Ben Affleck is an accomplished actor, producer, writer and director, proven by his two Academy Awards. So why does social media chatter generally refer to each of his new and effective outings worthy of Oscars consideration as a “comeback?”
In the middle of his newest film “The Last Duel,” it dawned on me. Nothing regarding his interpretation of Count Pierre d’Alençon should work with his sensibilities as an actor. Yet he completely steals the show in one of three segments designed to belong to Jacques Le Gris (played by Adam Driver). Unfortunately, the Hollywood machine, critics and consumers have taken his abilities for granted. Perhaps it was the paparazzi’s focus on Bennifer (and its current sequel, Bennifer 2.0) or his openness regarding his struggles with sobriety. Either way, he’s shown himself, on multiple occasions, an uncommonly invigorating actor when placed in the right hands.
My realization came three days after a BAFTA member screening of George Clooney’s “The Tender Bar,” in which Affleck once again steals focus. His Uncle Charlie acts as a surrogate father to young J.R. Moehringer (Tye Sheridan, moving closer to his big Hollywood and Oscar moment) and is the type of conventional big brother to Dorothy (played exquisitely by Lily Rabe, an awards-worthy candidate if the movie catches on) everyone knows if you grew up in the tri-state area.
Unabashedly and charmingly genuine, Affleck brings a smile to your face in each scene he inhabits in the Amazon Studios film, showing similarities to past supporting actor nominees like Ethan Hawke’s inconsistent father from “Boyhood” (2014) or John Hawkes’ meth-addicted Uncle Teardrop from “Winter’s Bone” (2010) — supporting characters that are flawed but give the essential acumen for their film’s protagonists to grow. Christopher Lloyd, playing the rugged and potty-mouthed grandfather to J.R., is also due for his dance with the Academy, and checks off many of those same boxes. There could be supporting actor traction for both of them.
In 1998, Affleck, along with his best friend Matt Damon, won best original screenplay for “Good Will Hunting,” in which he also played Chuckie, the ride-or-die confidant who taught us how to hustle money at a job interview. Afterward, Hollywood created two separate paths for the two youngest screenplay winners in Oscar history. Damon’s following three projects were “Saving Private Ryan,” “Rounders” and “The Talented Mr. Ripley.” Affleck followed up with “Phantoms,” “Armageddon” and “Shakespeare in Love.” You can see that each starred in their own Oscar favorites, but how the two were utilized and would be used over the next 20-some years has varied.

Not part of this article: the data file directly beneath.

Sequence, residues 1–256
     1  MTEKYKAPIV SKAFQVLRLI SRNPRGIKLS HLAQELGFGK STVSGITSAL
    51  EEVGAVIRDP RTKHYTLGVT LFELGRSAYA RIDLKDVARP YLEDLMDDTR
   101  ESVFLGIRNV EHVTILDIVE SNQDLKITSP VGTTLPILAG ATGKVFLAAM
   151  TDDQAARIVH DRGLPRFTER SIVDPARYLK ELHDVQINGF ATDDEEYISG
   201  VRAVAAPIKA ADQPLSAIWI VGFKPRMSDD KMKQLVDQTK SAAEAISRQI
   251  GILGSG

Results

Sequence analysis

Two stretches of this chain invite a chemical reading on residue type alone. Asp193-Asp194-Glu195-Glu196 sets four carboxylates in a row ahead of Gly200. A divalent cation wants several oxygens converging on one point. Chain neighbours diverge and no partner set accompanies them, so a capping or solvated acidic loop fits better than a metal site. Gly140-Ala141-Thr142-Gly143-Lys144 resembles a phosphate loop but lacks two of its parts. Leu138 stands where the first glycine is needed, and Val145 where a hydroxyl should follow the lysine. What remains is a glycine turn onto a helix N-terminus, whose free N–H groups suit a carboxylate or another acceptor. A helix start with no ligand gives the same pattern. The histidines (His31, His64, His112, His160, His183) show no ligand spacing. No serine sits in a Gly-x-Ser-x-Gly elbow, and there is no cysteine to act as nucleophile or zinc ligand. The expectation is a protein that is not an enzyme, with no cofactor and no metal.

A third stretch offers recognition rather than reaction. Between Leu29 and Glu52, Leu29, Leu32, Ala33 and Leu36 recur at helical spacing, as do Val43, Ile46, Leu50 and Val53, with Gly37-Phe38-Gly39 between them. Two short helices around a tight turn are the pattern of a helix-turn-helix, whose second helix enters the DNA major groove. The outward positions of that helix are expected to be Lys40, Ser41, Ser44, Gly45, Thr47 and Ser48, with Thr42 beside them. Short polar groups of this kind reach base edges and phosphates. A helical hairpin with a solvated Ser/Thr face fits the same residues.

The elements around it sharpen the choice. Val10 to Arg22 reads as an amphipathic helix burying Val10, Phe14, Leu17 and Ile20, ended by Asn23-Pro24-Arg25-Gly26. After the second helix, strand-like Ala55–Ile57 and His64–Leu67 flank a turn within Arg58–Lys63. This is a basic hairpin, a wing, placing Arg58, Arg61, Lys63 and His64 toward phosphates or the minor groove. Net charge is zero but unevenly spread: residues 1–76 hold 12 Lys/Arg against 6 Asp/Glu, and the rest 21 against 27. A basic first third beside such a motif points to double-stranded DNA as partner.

Though he’s often been a punching bag for tabloids and snobby cinephiles, Affleck has been far more gifted than given credit. For every “Pearl Harbor” (2001) and “Gigli” (2003) to mention, revisit his turns in “Boiler Room” (2000), “Gone Girl” (2014) and his Golden Globe-nominated turn as “Superman” star George Reeves in “Hollywoodland” (2006). When placed in the right hands, he rises to the challenge, even at times exceeding expectations.
His career seemed to undergo a metamorphosis in 2007 with his directorial debut “Gone Baby Gone,” an adaptation of the Dennis Lehane novel. Surprising many with his assured hand behind-the-camera, critics and awards voters didn’t know what to do with Affleck’s evolution into a capable filmmaker outside of nominating Amy Ryan in supporting actress. You also have to credit him with boosting his brother Casey’s campaign that same year for his supporting turn “The Assassination of Jesse James by the Coward Robert Ford,” as his impressive lead performance in “Gone Baby Gone” bolstered his reputation.
Appearing to have found his niche, Affleck moved into his 2010 sophomore effort “The Town,” this time taking on the leading role of bank robber Doug MacRay. He was flirting with the awards bodies and Academy voters this time, picking up noms from prestigious groups like the PGA and WGA. Ultimately, the awards circuit ended with a sole mention for Jeremy Renner in supporting actor.